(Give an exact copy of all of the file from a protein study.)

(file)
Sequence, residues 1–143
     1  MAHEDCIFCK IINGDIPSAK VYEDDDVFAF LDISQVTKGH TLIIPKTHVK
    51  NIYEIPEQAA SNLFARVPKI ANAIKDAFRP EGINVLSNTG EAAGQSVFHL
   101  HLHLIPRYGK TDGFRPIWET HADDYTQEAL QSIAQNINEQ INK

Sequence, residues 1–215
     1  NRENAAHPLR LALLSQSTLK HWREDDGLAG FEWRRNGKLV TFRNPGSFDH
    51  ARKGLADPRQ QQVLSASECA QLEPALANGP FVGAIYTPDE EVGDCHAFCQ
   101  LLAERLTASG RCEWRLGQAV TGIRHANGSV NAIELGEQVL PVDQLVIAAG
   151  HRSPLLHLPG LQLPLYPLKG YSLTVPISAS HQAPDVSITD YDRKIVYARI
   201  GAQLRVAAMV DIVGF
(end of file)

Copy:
Sequence, residues 1–143
     1  MAHEDCIFCK IINGDIPSAK VYEDDDVFAF LDISQVTKGH TLIIPKTHVK
    51  NIYEIPEQAA SNLFARVPKI ANAIKDAFRP EGINVLSNTG EAAGQSVFHL
   101  HLHLIPRYGK TDGFRPIWET HADDYTQEAL QSIAQNINEQ INK

Sequence, residues 1–215
     1  NRENAAHPLR LALLSQSTLK HWREDDGLAG FEWRRNGKLV TFRNPGSFDH
    51  ARKGLADPRQ QQVLSASECA QLEPALANGP FVGAIYTPDE EVGDCHAFCQ
   101  LLAERLTASG RCEWRLGQAV TGIRHANGSV NAIELGEQVL PVDQLVIAAG
   151  HRSPLLHLPG LQLPLYPLKG YSLTVPISAS HQAPDVSITD YDRKIVYARI
   201  GAQLRVAAMV DIVGF